Seldom has an article been greeted by such a storm of genuine and interesting protests as came to us in response to ‘The Unknown Soldier,’ by James Truslow Adams, published in the November Atlantic. Although the author aimed his charge at mediocrity rather than at the Memorial, it. was felt that his criticism had scored a double hit. ‘What we are objecting to,’ wrote a Chicago reader, ‘is the linking up, in any manner, of a purely patriotic sentiment with those phases of life (we might add of literature, as well) of which none of us should be proud.’

The limits of space forbid our doing justice to this correspondence, of which we can print but a few salient selections.

You see, it’s this way, as Life would say. Like many others of your family, when we are through with a copy of the Atlantic we pass it on to find other readers before it finally meets the junkman face to face. Though I confess to a mild resentment, as an intrusion on my reading, on finding passages marked in a book from the Public Library, I venture to sometimes mark one or two titles in the index of the Atlantic: a single mark — a sort of cum laude — for a notable article, and a double mark for greater distinction. Now here is where I made a mistake. When half through reading ’The Unknown Soldier’ by James Truslow Adams in the November Atlantic, I was so taken with its charm that I at once turned to the index and gave it my magna cum laude (thus:<< The Unknown Soldier>>), but a little later wished that I had not gone so high in degree.
While I think more of the Common Man than I imagine Mr. Adams would have me, I enjoyed his early gentle sarcasm, — the New Jersey commuter, Mr. Coolidge in chaps, the cockroaches and all, — but I could not go the full length with him. His devoted reader, far be it from me to suggest that Truslow Adams ever missed a point, but he at least seemed to swerve a bit when, to clinch his argument, he left the Common Man and came down to comparing the individual common man with the individual great man. Of course, all will admit that the unknown XY back in the days of Lincoln is never ‘really going to be a better hero . . . than Lincoln himself,’ and none will claim that ’the career of an ordinary sailor is more of an incentive to ambition than that of Nelson.’ But it is not the common man that is celebrated in literature or that lies in the Unknown Soldier’s grave, but the Common Man — that is, Everyman. Was Lincoln greater than all the men he led? Was Nelson greater than all the sailors under him? Does not the greatness of the greatest of the earth rest on the countless host before him and about him?
There is, as Mr. Adams suggests, a good deal of twaddle in our adulation of the Common Man, and it makes one sick to see common men in high places magnifying their kinship -with the Common Man; but do we want to turn about and refuse to recognize that the Common Man still moves the world, not the least of his achievements being the production of the greatest of men?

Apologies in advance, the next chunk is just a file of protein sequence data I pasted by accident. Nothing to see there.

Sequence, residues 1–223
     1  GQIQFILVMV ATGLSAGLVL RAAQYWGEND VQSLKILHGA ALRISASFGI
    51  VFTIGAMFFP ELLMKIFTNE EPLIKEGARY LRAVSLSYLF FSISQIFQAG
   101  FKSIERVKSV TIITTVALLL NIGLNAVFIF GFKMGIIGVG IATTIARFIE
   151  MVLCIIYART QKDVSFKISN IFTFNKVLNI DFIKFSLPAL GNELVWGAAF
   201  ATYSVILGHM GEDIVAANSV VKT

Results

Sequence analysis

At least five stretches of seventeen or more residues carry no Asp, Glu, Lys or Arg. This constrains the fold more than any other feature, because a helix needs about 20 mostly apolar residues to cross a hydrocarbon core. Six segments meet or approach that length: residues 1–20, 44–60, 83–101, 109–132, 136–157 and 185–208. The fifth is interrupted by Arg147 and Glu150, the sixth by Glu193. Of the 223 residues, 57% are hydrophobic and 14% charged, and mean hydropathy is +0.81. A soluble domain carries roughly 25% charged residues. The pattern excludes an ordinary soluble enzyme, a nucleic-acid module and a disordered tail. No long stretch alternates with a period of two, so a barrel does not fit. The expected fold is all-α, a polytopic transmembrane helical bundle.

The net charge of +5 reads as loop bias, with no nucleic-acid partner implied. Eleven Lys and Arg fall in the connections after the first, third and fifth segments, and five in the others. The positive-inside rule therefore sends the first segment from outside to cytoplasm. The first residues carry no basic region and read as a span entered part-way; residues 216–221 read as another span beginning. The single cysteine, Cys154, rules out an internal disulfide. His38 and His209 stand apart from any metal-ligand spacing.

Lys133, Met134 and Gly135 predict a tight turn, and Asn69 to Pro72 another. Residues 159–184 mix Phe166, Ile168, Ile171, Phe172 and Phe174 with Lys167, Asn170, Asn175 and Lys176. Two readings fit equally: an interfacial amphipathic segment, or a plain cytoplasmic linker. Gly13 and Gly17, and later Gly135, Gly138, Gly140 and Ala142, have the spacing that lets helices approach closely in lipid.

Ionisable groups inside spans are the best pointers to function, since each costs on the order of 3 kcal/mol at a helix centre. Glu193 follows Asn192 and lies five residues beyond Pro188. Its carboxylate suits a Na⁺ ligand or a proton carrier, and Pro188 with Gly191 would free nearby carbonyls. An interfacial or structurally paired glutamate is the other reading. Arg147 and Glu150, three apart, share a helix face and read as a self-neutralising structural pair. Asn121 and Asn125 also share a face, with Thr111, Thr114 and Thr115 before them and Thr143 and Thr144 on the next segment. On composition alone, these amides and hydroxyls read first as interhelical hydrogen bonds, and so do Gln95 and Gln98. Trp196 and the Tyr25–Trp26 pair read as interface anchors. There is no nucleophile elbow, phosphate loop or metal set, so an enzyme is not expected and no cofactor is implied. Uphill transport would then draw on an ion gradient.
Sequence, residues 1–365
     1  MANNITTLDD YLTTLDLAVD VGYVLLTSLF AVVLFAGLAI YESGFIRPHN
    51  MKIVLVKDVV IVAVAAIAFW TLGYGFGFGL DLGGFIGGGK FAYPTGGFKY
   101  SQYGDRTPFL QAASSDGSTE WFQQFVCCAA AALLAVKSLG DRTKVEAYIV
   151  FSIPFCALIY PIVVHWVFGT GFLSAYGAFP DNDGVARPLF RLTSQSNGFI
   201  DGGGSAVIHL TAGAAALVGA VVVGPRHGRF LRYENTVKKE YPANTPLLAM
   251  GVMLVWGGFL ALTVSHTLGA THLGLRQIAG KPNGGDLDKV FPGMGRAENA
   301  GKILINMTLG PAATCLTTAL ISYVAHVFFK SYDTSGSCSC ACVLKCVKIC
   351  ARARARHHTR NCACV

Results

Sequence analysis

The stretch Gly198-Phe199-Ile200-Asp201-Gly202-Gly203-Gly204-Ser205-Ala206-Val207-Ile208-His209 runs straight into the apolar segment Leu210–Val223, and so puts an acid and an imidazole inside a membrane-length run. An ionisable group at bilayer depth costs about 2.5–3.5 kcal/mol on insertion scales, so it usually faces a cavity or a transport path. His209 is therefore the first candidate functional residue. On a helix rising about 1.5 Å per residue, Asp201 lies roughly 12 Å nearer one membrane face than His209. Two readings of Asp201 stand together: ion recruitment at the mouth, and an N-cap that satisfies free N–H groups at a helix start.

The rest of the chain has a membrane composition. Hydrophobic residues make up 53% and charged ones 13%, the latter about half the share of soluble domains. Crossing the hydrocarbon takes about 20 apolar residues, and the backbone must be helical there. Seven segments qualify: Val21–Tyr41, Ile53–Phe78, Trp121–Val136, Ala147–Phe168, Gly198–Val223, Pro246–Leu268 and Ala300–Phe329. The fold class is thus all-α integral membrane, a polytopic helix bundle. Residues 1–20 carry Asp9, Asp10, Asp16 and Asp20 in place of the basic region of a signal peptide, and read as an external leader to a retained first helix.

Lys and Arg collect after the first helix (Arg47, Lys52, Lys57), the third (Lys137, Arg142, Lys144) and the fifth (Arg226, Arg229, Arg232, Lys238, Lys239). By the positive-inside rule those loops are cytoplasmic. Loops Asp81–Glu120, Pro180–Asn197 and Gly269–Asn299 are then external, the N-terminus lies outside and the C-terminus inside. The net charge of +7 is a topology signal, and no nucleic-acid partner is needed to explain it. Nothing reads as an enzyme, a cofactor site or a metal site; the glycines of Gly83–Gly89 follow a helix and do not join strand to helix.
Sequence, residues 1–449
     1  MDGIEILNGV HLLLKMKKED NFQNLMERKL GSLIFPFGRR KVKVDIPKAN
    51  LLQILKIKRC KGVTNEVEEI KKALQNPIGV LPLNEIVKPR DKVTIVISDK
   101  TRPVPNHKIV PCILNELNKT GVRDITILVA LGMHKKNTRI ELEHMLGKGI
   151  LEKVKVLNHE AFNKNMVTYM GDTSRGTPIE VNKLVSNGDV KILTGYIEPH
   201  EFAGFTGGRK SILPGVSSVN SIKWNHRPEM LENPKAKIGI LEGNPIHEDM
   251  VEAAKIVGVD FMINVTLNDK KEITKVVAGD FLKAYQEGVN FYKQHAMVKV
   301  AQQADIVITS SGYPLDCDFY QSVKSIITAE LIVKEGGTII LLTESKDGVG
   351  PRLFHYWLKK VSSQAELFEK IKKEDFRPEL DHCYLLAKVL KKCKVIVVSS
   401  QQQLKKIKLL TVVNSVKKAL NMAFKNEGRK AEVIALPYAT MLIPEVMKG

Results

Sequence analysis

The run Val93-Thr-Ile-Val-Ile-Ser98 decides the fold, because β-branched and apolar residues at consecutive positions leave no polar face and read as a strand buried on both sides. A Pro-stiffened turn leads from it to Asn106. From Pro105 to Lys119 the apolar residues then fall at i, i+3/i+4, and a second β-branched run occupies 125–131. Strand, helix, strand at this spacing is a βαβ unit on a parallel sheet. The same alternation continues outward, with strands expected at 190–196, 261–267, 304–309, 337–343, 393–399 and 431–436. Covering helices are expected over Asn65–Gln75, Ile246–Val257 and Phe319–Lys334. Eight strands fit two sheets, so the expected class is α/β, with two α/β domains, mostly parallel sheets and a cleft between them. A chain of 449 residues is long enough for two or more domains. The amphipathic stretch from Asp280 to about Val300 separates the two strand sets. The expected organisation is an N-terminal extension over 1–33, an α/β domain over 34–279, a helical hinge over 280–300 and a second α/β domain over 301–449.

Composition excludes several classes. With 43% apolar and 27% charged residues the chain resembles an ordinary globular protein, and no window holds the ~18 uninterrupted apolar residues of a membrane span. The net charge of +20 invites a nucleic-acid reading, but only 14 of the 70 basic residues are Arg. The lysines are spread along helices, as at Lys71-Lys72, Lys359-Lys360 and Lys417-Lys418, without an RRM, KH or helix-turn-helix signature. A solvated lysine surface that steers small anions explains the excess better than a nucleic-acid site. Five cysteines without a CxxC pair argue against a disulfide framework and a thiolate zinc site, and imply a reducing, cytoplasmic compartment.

D. C. S.

Mr. Adams, in the November issue, says that our canonization of the Unknown Soldier represents a deplorable tendency to glorify the common man at the expense of the leader. In magnifying the virtues of the private, he goes on to say, we are belittling the qualities of the general; in paying homage to the humble, we are dethroning the great ones of this earth. Mr. Adams apparently believes that, in the first place, mankind is divided irrevocably into two classes mutually exclusive of each other, the few great and the countless common; and that, in the second place, when we give honor to the common man it is because of his commonness. In other words, we are merely indulging our inferiority complex.
While undoubtedly this tendency does exist in American life, I do not believe that the idealization of the Unknown Soldier is an instance of it. On the contrary, in honoring him we are paying tribute to the hero in ourselves. Though most of us don’t know him, we feel that he is there. For however common we may be, does not our capacity for admiring heroism in others attest the same capacity, at least potentially, in our own breast? Else what power is it that, since the dawn of history, has made men, from the greatest of them to the least of them, ready to lay down their lives for their country? The division that figured most conspicuously in the battle of the Argonne was drawn principally from New York’s East Side. When we honor the Unknown Soldier among them, it is not for his common, but for his uncommon qualities. The fact that one presumably no greater than we can rise to such heights enhances our faith in human nature and in ourselves. When in the past we have singled out for admiration the recognized leaders and captains of state, the Cæsars and the Napoleons, it has been for the same reason as that for which we now honor the Unknown Soldier. They, like him, were our own representatives.
Mr. Adams says that we are fond of picturing our presidents and other men of note occupied in lowly and manual labors. He evidently believes that we choose to honor Lincoln because he was a rail-splitter, or Coolidge because he can wield a pitchfork. If this were the case, why do not we honor all rail-splitters and all wielders of the pitchfork? The reason we like to refer to Lincoln as the rail-splitter is because his rise to greatness from humble beginnings indicates the triumph of character over circumstance, of ability over lack of opportunity. We do not honor him because he was born in a log cabin any more than we honor Jesus because He was born in a barn. When Jesus chose His followers from the humble walks of life, it was, again, not because they were common men, but because they possessed qualities which He prized. For the same reason we choose for our hero the Unknown Soldier.